Wednesday, June 12, 2024

Are Hispanic Evangelicals a Key Swing Vote in this U.S. Presidential Election?

Hispanic Evangelicals came out in strong numbers in support of President George W.Bush in the 2004 presidential election. Many believe that John McCain does not enjoy the same popularity with Evangelical and will have to work hard to obtain their support. Obama on the other hand does not share many of the social views of this group, particularly with issues such as abortion. However, his ability to speak openly about his faith may give him an advantage over John McCain. …

Their possible role in the outcome of the Nov. 4 contest between Democratic candidate Barack Obama and Republican John McCain will be the focus of a conference in Vanguard, California, Thursday and Friday organized by the National Hispanic Christian Leadership Conference (NHCLC).

Religion plays a big role in American politics, and the evangelical community, which accounts for about one in four U.S. adults, is regarded as a key “battleground faith.”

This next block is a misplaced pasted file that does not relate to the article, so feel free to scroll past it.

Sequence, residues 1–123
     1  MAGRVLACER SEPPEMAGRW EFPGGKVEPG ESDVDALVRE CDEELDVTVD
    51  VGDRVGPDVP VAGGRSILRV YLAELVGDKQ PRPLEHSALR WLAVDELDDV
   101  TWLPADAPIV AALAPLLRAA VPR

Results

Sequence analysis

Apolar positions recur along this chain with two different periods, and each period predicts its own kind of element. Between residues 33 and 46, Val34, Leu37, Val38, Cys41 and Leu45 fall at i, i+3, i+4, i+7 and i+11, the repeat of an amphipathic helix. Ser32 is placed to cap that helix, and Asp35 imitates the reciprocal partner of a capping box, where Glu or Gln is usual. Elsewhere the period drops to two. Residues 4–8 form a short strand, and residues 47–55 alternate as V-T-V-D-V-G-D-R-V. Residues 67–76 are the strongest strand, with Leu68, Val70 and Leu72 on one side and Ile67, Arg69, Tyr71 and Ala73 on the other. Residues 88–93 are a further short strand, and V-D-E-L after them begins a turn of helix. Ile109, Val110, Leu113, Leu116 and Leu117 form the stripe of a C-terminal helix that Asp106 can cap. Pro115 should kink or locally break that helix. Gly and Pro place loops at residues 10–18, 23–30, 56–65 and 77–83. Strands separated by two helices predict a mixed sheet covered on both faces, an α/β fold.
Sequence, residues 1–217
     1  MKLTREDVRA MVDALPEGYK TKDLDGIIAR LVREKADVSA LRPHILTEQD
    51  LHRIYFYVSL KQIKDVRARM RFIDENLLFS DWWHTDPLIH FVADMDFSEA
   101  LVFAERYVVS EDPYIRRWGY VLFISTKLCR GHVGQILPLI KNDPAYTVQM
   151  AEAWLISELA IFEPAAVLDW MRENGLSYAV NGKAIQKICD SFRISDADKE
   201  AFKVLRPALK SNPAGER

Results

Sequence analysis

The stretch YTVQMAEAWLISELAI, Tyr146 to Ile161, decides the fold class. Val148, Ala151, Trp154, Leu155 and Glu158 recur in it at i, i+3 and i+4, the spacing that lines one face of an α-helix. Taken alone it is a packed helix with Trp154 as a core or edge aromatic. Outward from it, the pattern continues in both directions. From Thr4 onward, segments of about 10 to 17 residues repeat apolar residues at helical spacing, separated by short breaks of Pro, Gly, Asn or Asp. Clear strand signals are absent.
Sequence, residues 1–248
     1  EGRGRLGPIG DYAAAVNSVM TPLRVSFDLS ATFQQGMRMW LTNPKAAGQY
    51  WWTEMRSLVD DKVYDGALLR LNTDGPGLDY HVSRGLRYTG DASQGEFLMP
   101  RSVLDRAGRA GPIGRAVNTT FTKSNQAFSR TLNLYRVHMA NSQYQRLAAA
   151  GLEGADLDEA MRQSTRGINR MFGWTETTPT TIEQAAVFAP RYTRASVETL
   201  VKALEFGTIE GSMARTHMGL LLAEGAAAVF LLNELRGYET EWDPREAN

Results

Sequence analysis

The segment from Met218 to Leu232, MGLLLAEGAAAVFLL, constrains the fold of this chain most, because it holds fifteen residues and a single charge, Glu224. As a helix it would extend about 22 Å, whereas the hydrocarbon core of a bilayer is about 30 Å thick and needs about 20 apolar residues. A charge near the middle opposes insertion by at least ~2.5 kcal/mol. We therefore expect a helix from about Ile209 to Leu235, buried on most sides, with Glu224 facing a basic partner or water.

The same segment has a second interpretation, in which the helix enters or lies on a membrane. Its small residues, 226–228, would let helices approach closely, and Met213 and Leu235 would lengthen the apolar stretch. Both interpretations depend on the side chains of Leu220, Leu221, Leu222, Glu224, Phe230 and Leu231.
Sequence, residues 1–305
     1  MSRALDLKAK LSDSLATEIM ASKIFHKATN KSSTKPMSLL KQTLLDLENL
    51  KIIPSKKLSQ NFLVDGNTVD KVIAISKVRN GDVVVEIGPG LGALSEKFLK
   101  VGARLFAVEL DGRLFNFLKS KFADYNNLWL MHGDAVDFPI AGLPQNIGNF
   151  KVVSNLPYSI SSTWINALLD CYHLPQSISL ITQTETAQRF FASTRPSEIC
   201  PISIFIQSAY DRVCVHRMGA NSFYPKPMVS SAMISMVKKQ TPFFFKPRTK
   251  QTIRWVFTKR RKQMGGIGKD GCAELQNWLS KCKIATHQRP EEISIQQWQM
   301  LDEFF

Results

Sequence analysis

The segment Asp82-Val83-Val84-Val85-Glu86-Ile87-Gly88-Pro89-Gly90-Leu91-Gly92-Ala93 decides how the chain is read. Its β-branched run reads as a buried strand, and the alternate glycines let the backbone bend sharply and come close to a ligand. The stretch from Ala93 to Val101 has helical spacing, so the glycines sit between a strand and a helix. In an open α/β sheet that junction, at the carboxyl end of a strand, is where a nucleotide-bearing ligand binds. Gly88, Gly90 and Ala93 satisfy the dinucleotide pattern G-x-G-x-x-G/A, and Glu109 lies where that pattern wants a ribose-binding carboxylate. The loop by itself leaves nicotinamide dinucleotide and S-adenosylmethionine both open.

U.S. President George W. Bush made significant in-roads into the Latino vote in 2004, garnering about 40 percent of it by some estimates, thanks in part to the support of Hispanic evangelicals.

But NHCLC President Samuel Rodriguez told me that their numbers are concentrated in key swing states that could go either way in November like Colorado, New Mexico and Florida.

So in a close election they could be a key vote in both battleground states and battleground faiths.

“Hispanic evangelicals are the quintessential moderates and centrists. They are committed to a prolife agenda and preserving traditional marriage. But they are also committed to tackling global warming and other social justice issues such as poverty and immigration reform,” Rodriguez said.